Illegal Logging

News, information and statistics about illegal logging and the destruction of forests. Data about the illegal timber trade is collected from various wildlife charities, environmental protection agencies and other criminal justice information.

In 2010, illegal logging was estimated to make up between 40 to 55 percent of all of Indonesia’s harvested timber.

The illegal logging activity is down from the estimated 73 to 88 percent of illegally logged timber in 2007.

Source: Jennifer Macey, “Illegal loggers turn elephant protectors in Indonesia,” ABC Online, June 15, 2010.

Illegal logging accounts for up to 10 percent of all timber imported into Australia.

Source: Tom Arup, “Call to ban timber logged illegally,” Sydney Morning Herald, June 1, 2010.

Illegal logging provides up to 10 percent of all wood imported into the United States.

Source: Rosanne Skirble, “US Law Curbs Illegal Logging,” Voice of America, May 28, 2010.

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Illegal logging in the South American Andes between 1990 and 2010 led up to 2.4 million hectares of rainforest to be cut down in order to grow coca.

The illegal logging of the forests was done in order to create land needed to plant coca and to contribute to the cocaine production industry. These types of illegal logging connected to drug trafficking represented up to 25 percent of the area’s deforestation.

(More cocaine facts and statistics.)

Source:  Brenden Borrell, “The Greenest High,” Slate May 4, 2010.

The World Wildlife Fund found that Ireland imports up to $26 Million (20 Million Euros) in timber that was cut from illegal logging each year.

Source:  Frank McDonanld, “Blood on our hands: Ireland’s role in illegal logging,” Irish Times, April 29, 2010.

Illegal logging in Indonesia between 2000 and 2004 led to trees being cut down illegally at a rate of 80 percent, or 4 out of 5 trees.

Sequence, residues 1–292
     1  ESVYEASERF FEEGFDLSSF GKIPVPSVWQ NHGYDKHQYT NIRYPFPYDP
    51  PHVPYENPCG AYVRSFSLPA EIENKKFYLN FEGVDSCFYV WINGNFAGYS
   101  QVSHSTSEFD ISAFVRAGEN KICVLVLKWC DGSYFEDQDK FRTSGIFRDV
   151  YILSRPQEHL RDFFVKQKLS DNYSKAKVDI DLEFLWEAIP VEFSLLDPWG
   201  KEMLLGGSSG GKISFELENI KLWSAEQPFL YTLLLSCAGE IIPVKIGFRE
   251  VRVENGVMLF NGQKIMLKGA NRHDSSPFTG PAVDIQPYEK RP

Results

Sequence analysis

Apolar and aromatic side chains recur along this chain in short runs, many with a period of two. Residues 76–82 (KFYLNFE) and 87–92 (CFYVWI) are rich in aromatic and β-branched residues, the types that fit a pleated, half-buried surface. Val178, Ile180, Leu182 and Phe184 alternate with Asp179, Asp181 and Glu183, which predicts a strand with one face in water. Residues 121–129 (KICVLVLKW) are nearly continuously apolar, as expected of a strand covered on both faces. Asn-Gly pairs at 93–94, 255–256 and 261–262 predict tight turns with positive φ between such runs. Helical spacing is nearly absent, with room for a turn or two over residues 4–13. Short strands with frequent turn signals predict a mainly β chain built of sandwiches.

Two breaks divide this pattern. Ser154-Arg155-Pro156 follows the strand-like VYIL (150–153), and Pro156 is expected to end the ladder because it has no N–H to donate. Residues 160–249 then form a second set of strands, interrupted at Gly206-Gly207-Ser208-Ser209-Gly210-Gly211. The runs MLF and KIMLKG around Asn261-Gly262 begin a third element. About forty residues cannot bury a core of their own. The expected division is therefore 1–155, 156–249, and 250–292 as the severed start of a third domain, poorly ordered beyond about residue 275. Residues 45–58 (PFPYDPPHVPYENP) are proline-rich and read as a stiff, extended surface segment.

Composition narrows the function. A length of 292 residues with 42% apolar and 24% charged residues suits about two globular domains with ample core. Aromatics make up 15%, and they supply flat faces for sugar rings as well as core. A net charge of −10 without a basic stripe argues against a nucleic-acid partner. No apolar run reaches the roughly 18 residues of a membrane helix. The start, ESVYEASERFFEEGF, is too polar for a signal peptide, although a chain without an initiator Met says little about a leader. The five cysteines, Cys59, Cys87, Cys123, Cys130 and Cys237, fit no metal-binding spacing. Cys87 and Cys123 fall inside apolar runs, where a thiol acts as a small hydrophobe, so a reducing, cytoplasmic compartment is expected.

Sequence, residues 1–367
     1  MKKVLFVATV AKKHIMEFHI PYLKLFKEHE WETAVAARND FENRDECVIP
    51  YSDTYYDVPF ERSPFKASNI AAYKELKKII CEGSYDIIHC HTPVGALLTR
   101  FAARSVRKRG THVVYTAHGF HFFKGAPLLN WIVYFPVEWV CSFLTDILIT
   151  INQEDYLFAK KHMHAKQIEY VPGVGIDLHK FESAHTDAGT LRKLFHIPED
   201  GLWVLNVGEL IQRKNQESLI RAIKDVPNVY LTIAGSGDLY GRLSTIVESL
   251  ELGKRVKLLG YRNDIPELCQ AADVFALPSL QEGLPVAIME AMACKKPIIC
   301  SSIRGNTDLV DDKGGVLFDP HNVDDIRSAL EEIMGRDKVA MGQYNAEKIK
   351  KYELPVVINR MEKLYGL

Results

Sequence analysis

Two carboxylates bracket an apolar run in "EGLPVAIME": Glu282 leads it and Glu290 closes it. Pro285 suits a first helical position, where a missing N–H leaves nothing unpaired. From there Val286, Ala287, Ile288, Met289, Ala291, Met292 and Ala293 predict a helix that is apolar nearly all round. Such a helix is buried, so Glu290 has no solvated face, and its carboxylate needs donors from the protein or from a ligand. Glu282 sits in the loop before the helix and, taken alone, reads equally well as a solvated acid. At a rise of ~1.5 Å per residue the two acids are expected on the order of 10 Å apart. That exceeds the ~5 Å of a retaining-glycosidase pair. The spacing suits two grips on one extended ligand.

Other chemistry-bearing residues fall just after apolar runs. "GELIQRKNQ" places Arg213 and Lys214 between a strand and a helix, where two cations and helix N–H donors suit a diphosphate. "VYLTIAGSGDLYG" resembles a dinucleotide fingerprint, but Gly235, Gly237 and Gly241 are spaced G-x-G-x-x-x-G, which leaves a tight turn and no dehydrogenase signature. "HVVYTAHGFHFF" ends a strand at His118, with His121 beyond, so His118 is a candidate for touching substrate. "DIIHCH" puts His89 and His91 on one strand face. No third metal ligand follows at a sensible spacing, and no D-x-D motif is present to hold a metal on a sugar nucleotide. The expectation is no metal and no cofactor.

In total, the country losses around 1 million hectares of land each year to unauthorized logging.

Indonesia has about 120 million hectares of rainforest, the third largest area in the world.

Source: Fidelis E Satriastanti, “Forest of Problems Hinders Illegal Logging Fight,” Jakarta Globe, April 28, 2010.

Source:  “Taskforce sets sights on illegal logging mafia allegations,” Jakarta Post, April 19, 2010.

The Honduras Government losses an estimated $7 Million a year in federal tax revenue due to illegal logging activities within the country. Local municipalities alone lose an estimated $1.6 Million in local tax revenue each year from criminal logging.

Source:  Tierramérica, “Forest Corruption a Major Challenge,” IPS, February 17, 2010.

During the 1980s, illegal logging activities in the Philippines created losses of up to $1.8 Billion a year.

Source: “Towards a strategy for better law compliance in the forest sector, Food and Agriculture Organization of the United Nations, Best Practices for improving law compliance in the forest sector, 2005, Ch.3.

Illegal logging in Papua New Guinea could consist of up to 70 to 90 percent of all logging. Major illegal logging activities are conducted by international companies.

Source:  Andreas Schloenhardt, “The illegal trade in timber and timber products in the Asia-Pacific region,” Australian Institute of Criminology, Research and public policy series no. 89, January 2008, page 70.

The economic impact of illegal logging  in Russia is estimated to be $2 Billion, according to the WWF.

Source:  Andreas Schloenhardt, “The illegal trade in timber and timber products in the Asia-Pacific region,” Australian Institute of Criminology, Research and public policy series no. 89, January 2008, page 67.